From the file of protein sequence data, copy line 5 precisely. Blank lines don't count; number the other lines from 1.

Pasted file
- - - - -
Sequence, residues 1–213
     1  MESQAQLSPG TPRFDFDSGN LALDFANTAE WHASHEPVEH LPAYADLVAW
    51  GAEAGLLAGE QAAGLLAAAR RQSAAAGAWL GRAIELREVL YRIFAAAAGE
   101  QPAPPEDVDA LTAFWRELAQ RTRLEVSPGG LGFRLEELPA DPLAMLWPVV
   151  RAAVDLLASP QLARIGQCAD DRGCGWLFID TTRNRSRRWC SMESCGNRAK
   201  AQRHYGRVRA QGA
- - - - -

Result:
   151  RAAVDLLASP QLARIGQCAD DRGCGWLFID TTRNRSRRWC SMESCGNRAK